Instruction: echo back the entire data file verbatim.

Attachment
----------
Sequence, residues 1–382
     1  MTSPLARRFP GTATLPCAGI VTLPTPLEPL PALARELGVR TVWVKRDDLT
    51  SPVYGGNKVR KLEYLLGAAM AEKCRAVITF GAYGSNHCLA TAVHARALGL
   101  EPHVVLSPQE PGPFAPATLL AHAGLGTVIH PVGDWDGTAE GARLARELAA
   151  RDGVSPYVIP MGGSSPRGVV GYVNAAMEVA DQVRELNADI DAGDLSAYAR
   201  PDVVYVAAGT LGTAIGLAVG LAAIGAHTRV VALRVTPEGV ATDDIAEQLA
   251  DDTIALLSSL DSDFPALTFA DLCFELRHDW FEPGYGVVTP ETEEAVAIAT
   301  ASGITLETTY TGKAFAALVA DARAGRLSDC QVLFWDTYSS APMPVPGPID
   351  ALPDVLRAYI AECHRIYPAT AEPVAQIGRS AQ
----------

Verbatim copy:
Sequence, residues 1–382
     1  MTSPLARRFP GTATLPCAGI VTLPTPLEPL PALARELGVR TVWVKRDDLT
    51  SPVYGGNKVR KLEYLLGAAM AEKCRAVITF GAYGSNHCLA TAVHARALGL
   101  EPHVVLSPQE PGPFAPATLL AHAGLGTVIH PVGDWDGTAE GARLARELAA
   151  RDGVSPYVIP MGGSSPRGVV GYVNAAMEVA DQVRELNADI DAGDLSAYAR
   201  PDVVYVAAGT LGTAIGLAVG LAAIGAHTRV VALRVTPEGV ATDDIAEQLA
   251  DDTIALLSSL DSDFPALTFA DLCFELRHDW FEPGYGVVTP ETEEAVAIAT
   301  ASGITLETTY TGKAFAALVA DARAGRLSDC QVLFWDTYSS APMPVPGPID
   351  ALPDVLRAYI AECHRIYPAT AEPVAQIGRS AQ